Failing the Crystal Ball Test: The Carter Administration and the Fundamentalist Revolution in Iran (Hardback)
  • Failing the Crystal Ball Test: The Carter Administration and the Fundamentalist Revolution in Iran (Hardback)
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Failing the Crystal Ball Test: The Carter Administration and the Fundamentalist Revolution in Iran (Hardback)

(author)
£67.00
Hardback 272 Pages / Published: 30/08/2000
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With the Iranian revolution as her focal point, Seliktar offers a systematic analysis of predictive failure in foreign policy at the paradigmatic, policy, and intelligence levels. Seliktar first examines how social science paradigms determine conceptualizations of political change, and then applies that analysis to understanding New Internationalism, the Carter administration's foreign policy philosophy at the time of the Shah's fall from power. Based in part on classified documents seized during the takeover of the American embassy, Failing the Crystal Ball Test is a valuable addition to Middle Eastern studies, international relations, and comparative politics collections.

Seliktar engages in a general discussion of the problems entailed in correctly assessing the political legitimacy of foreign regimes, and describes the origins of New Internationalism as influenced by the New Left dependency theories. Examining President Carter's application of New Internationalism to Iran, Seliktar presents an account first of political influences on the predictive process during the early stages of revolution, and then of the administration's misreading of the likelihood of a fundamentalist regime in Teheran.

Publisher: ABC-CLIO
ISBN: 9780275968724
Number of pages: 272
Weight: 568 g
Dimensions: 229 x 152 x 19 mm


MEDIA REVIEWS
"[p]rovides a competent summary and synthesis of the literature on regime change and the predictive process....[m]akes a persuasive case that, while there can be no guarantee in any prediction of political change, assessments could be more self-conscious about the ontological and epistemological assumptions that influence them."-The International History Review
..."the author provides a sound theoretical base for understanding Carter's dilemmas toward Iran. Recommended for students and specialists alike. Upper-division undergraduates and above."-Choice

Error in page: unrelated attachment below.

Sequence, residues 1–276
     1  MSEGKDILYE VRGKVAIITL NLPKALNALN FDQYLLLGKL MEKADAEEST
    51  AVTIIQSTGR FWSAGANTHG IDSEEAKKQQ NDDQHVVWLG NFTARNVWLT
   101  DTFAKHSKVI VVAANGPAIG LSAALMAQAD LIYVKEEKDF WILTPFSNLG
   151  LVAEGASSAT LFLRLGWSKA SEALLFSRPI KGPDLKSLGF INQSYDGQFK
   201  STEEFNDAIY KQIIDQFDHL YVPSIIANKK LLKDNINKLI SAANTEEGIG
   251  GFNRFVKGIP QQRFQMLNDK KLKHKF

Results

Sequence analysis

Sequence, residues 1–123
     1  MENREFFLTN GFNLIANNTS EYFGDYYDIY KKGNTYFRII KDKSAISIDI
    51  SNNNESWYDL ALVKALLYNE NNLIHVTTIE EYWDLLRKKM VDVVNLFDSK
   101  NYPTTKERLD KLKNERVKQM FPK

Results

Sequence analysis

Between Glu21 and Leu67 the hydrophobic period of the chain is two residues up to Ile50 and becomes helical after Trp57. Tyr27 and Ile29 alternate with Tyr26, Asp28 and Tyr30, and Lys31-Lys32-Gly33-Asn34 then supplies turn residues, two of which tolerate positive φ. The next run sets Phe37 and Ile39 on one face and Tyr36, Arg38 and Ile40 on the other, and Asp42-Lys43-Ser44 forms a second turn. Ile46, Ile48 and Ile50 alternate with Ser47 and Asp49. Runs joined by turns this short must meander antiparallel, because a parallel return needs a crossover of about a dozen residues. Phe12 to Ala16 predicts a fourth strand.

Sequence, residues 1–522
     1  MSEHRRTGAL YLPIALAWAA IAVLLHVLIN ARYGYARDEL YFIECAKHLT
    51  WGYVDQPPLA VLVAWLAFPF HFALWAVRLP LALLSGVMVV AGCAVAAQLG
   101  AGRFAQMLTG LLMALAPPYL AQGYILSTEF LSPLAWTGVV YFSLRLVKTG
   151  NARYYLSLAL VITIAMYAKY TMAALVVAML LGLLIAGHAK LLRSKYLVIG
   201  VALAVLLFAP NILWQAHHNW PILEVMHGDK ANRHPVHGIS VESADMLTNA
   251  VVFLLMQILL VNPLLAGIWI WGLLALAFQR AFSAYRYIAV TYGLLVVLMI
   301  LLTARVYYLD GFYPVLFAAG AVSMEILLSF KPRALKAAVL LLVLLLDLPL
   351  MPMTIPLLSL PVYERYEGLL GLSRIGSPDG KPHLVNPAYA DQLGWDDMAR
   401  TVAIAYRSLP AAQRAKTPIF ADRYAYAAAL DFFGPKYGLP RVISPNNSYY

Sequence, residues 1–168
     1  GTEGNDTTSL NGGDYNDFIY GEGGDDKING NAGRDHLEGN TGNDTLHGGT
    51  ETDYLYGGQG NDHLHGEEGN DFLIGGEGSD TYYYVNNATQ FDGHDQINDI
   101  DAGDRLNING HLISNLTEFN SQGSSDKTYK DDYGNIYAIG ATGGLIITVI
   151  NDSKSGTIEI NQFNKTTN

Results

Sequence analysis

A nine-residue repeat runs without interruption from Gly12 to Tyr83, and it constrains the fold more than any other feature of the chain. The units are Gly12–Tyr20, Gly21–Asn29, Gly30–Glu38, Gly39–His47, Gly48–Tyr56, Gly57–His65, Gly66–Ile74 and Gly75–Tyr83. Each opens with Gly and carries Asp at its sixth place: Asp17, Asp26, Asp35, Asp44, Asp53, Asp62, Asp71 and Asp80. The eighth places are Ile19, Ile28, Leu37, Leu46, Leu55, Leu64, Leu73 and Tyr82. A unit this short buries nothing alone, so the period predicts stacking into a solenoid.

"Yprovides a competent summary and synthesis of the literature on regime change and the predictive process....Ymakes a persuasive case that, while there can be no guarantee in any prediction of political change, assessments could be more self-conscious about the ontological and epistemological assumptions that influence them."-The International History Review
?...the author provides a sound theoretical base for understanding Carter's dilemmas toward Iran. Recommended for students and specialists alike. Upper-division undergraduates and above.?-Choice
?[p]rovides a competent summary and synthesis of the literature on regime change and the predictive process....[m]akes a persuasive case that, while there can be no guarantee in any prediction of political change, assessments could be more self-conscious about the ontological and epistemological assumptions that influence them.?-The International History Review
.,."the author provides a sound theoretical base for understanding Carter's dilemmas toward Iran. Recommended for students and specialists alike. Upper-division undergraduates and above."-Choice
"[A]n excellent and in-depth study of how policy-maker's views can blind them to what is happening. A must read for both academics and policy officers who seek greater understanding of cross-cultural clashes."-John D. Stempel Director and Professor of International Studies University of Kentucky
"A rare and valuable case study of foreign policy-making in the eye of a political hurricane. It is also a trenchant critique of the two-dimensional tradition of academic and professional political analysis that could not cope intellectually with the non-rational' factors of religion, culture and national psychology that dominated the Khomeini upheaval."-Joseph V. Montville Director Preventive Diplomacy Program

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